Abul Nasim Fakir from Gopalganj went to Saudi Arabia and eventually landed in jail there. He says, I was promised a job as a chauffeur and I secured a visa through a broker. But I was placed with a company that did not pay me the promised amount. One day I got into a traffic accident and when police searched my documents, I learnt I was sent on someone else’s visa. For this, I was sentenced to 11 months in prison. I could not even reach my broker.’

Dhirendra Shutrodhar belongs to a Hindu community. He says, ‘My son Dulal went to work in Saudi Arabia eight years ago. The dalal had informed us that it was easier to get a work visa if the applicant is Muslim, so my son’s passport was issued under a muslim name. However, after five years of work, Dulal was tragically killed in a road accident. As we wanted to bring his body back to the country, we faced problems due to the mismatch in names and documents. This is why we failed to bring my son’s body here.’

Morjina (22) used to work in a jute mill in Sirajganj. She heard an announcement about overseas job opportunity. She thought if she went abroad with a proper visa and some training, then she may be able to improve her living conditions.

She says, ‘Unfortunately, I was mistaken. I encountered many obstacles in the Middle East and I was abused physically and mentally.’

She continues, ‘My employer was cruel to me and did not let me eat properly. All the food was kept in one locked room. I was not used to the local food and began to fall sick.’

Morjina’s employer often hit her with whatever they could find nearby. ‘When they had guests over, I was locked in one room. Sometimes, I was lodged in the stables next to their camel. I was banned from communicating with anyone. After much effort I managed to flee and return to Bangladesh,’ she says.

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While talking to New Age Xtra, Professor Tasneen Siddiqui, chair of Refugee and Migratory Movements Research Unit (RMMRU) and editor of the book, says, ‘RMMRU sketched the draft of both the Overseas Employment Policy 2006 and Overseas Employment and Migration act 2013. However, in the final versions many of our proposals were thrown out.’

Siddiqui says, ‘We had strongly urged that the dalals (brokers) be brought under a regulation with registration numbers from the recruiting agencies. However, the regulation of dalals has not been included anywhere as the government said it is not possible to regulate so many dalals. We urge that either the role of dalals be stopped with effective stops or they be brought under a proper system.’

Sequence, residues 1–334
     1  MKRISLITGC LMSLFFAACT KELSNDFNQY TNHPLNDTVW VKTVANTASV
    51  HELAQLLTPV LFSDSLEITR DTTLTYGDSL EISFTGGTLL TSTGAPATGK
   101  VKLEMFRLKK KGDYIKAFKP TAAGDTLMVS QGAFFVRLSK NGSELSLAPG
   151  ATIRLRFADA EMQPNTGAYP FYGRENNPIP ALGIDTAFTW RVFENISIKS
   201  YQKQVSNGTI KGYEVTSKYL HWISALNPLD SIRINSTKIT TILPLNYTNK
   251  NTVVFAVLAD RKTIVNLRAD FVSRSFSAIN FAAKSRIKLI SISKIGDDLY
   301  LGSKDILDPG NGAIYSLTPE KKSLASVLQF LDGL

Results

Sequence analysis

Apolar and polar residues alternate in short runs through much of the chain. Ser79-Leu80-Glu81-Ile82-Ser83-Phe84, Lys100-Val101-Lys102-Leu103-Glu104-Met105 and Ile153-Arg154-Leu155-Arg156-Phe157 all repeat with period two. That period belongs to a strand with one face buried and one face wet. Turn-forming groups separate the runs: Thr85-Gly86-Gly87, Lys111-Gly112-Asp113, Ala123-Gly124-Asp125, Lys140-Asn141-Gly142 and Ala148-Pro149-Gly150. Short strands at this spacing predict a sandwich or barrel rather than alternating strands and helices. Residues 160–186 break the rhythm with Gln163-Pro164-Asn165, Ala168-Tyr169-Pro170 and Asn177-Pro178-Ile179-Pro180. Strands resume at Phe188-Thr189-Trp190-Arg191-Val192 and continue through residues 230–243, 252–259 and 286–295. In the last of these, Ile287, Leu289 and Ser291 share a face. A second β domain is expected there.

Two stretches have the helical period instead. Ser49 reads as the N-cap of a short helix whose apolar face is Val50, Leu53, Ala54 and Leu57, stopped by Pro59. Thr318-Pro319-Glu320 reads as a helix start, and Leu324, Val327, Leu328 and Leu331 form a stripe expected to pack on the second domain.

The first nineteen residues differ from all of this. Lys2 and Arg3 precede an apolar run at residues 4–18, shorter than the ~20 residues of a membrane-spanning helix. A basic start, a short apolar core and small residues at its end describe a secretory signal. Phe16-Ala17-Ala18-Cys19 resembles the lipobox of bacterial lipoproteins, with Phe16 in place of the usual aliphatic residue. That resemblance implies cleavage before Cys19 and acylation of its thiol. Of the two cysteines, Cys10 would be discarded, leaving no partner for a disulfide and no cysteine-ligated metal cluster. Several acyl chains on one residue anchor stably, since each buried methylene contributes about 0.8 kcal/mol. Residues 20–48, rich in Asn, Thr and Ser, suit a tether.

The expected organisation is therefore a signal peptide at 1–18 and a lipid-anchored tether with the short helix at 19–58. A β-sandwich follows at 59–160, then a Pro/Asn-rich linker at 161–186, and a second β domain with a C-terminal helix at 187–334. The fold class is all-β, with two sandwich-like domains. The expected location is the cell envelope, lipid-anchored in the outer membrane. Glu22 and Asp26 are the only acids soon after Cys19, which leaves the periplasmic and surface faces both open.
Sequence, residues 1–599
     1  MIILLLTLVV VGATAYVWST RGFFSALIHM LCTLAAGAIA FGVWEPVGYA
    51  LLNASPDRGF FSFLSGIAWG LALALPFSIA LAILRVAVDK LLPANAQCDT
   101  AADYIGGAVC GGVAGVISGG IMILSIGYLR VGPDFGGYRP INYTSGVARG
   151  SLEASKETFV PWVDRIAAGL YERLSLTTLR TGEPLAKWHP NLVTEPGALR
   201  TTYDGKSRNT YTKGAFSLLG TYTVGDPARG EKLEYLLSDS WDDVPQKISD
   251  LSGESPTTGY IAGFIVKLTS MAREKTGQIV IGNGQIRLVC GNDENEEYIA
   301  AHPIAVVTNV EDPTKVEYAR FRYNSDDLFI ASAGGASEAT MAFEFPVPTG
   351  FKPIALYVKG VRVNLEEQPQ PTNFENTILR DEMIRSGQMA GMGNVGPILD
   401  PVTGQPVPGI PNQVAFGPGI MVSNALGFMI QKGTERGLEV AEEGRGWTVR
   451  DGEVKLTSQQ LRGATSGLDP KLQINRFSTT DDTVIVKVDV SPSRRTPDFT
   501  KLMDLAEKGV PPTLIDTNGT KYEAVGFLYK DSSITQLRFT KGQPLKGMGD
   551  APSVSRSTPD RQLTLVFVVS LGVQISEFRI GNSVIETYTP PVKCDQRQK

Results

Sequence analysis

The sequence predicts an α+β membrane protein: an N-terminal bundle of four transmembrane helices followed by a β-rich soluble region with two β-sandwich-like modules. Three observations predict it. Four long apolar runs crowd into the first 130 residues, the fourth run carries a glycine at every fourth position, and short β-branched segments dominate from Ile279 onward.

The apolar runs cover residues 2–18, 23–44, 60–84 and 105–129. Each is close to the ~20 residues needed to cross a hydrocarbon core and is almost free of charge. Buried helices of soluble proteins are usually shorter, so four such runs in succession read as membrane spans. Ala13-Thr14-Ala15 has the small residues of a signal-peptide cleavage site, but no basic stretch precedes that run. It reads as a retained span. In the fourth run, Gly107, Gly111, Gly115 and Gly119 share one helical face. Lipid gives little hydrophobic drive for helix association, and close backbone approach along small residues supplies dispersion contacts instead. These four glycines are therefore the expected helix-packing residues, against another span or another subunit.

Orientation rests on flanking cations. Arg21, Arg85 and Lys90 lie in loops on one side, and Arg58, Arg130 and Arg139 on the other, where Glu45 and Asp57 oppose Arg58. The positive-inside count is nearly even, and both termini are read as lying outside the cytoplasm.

‘Another issue that we strongly point out is the punishment given by the mobile court. The Tk 10 lakhs fine or 10 years of imprisonment is contradictory to the authority the mobile court can exercise. Many such issues are yet to be sorted out. We have had many dialogues with the government and we are still trying to ensure some standards for the migrant workers and that they can work in a safer environment,’ Siddiqui added.

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Professor Dr C. R. Abrar, who directs the Refugee and Migratory Movements Research Unit (RMMRU), says, ‘Currently, labour recruitment is a bilateral issue between origin and destination countries. However, establishing minimum common standards related to wages, working hours, living conditions and recruitment procedures will help both origin and destination countries in governing migration. Therefore, multilateralism is the only way forward to bring positive changes to the flawed migration system.’

‘The UN has formed the Global Forum on Migration and Development (GFMD) to deal with these complex issues. Unfortunately, the GFMD recommendations are currently completely non-binding. Over the next few years, the GFMD should aim to create common minimum standards and create mechanisms that ensure countries maintain these standards,’ adds Abrar.

A big chunk of migrants that the country is sending are still untrained or unskilled. Without immediate strategies to address these issues from the authorities concerned, questions arise as to why we are looking forward to higher remittance targets in the years to come.